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Fight Like Hell: The Untold History of American Labor

Fight Like Hell: The Untold History of American Labor - Kim Kelly

Fight Like Hell: The Untold History of American Labor


The definitive history of the American labor movement from Teen Vogue columnist Kim Kelly.

The history of organized labor in America all too often conjures a bygone era and generic images of slick-haired strongmen and hard-hatted construction workers. But in fact, one of America's first unions was founded by Black Mississippi freedwomen in the 1860s. Jewish immigrant garment workers were instrumental in getting worker protections incorporated into FDR's New Deal. Latino- and Asian-American farmworkers in California were 1970s pioneers in the fight for racial inclusion and a fair wage. And today, Amazon warehouse employees struggling to unionize in Bessemer, Alabama are 85% Black.

In Fight Like Hell, Teen Vogue labor columnist and independent journalist Kim Kelly tells the definitive history of the labor movement and the people--workers, organizers, and their allies--who risked everything to fight for paid overtime, sick leave, disability protections, and an eight-hour workday. That history is a 1972 clothing company strike that saw 4,000 Chicana laborers start a boycott that swept the nation. It is Ida Mae Stull's 1934 fight for the right to work in an Ohio coal mine right alongside the men. Dorothy Lee Bolden's 1960s rise from domestic workers' union founder to White House anti-segregationist. It's Lucy Parsons, Mother Jones, Ben Fletcher, and Frank Little's militant fight against the ravages of capitalism. It's the flight attendants union that pushed to root out sexual assault in the skies and ended a 2019 federal government shutdown. And it is Bayard Rustin, a queer civil rights pioneer who helped organize Dr. King's March on Washington and promoted the alignment between movements for labor and civil rights.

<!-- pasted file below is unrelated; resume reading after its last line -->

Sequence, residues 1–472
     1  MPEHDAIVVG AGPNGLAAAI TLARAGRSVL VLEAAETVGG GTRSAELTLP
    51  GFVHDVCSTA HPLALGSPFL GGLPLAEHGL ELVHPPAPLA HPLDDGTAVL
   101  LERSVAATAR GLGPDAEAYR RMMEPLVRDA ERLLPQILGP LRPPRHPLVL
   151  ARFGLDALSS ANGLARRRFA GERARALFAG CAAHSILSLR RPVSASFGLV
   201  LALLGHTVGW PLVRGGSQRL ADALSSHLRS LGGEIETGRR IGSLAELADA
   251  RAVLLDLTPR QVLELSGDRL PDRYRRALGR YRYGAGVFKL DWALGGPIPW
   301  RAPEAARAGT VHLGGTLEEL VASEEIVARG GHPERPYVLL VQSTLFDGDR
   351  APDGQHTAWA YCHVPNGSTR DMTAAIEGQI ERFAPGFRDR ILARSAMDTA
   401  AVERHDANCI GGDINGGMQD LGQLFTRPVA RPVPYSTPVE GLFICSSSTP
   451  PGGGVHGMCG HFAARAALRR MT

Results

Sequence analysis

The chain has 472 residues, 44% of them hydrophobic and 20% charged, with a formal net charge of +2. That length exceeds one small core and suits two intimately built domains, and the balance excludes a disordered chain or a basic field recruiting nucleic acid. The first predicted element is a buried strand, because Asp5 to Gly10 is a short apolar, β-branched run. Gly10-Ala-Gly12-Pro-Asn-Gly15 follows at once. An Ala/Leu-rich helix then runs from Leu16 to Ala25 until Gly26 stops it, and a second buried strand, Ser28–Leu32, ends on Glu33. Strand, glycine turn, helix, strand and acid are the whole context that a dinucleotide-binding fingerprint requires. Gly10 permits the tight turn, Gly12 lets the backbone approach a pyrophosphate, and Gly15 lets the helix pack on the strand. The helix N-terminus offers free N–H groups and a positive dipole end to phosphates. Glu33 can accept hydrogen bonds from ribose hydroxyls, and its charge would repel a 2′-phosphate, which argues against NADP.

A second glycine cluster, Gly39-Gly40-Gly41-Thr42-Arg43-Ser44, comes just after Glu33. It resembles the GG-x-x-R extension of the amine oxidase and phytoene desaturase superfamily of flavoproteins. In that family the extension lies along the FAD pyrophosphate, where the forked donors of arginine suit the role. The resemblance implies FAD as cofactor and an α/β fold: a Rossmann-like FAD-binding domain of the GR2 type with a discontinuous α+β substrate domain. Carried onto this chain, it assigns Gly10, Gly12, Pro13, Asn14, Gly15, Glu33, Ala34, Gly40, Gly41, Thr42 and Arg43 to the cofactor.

As America grapples with the unfinished business of emancipation, the New Deal, and Johnson's Great Society, Fight Like Hell offers a transportive look at the forgotten heroes who've sacrificed to make good on the nation's promises. Kim Kelly's publishing debut is both an inspiring read and a vital contribution to American history.
A revelatory and inclusive history of the American labor movement, from journalist Kim Kelly.

The history of organized labor in America all too often conjures a bygone era and generic images of slick-haired strongmen and hard-hatted construction workers. But in fact, one of America's first unions was founded by Black Mississippi freedwomen in the 1860s. Jewish immigrant garment workers were instrumental in getting worker protections incorporated into FDR's New Deal. Latino- and Asian-American farmworkers in California were 1970s pioneers in the fight for racial inclusion and a fair wage. And today, the Amazon warehouse employees fighting to unionize in Bessemer, Alabama are 85% Black.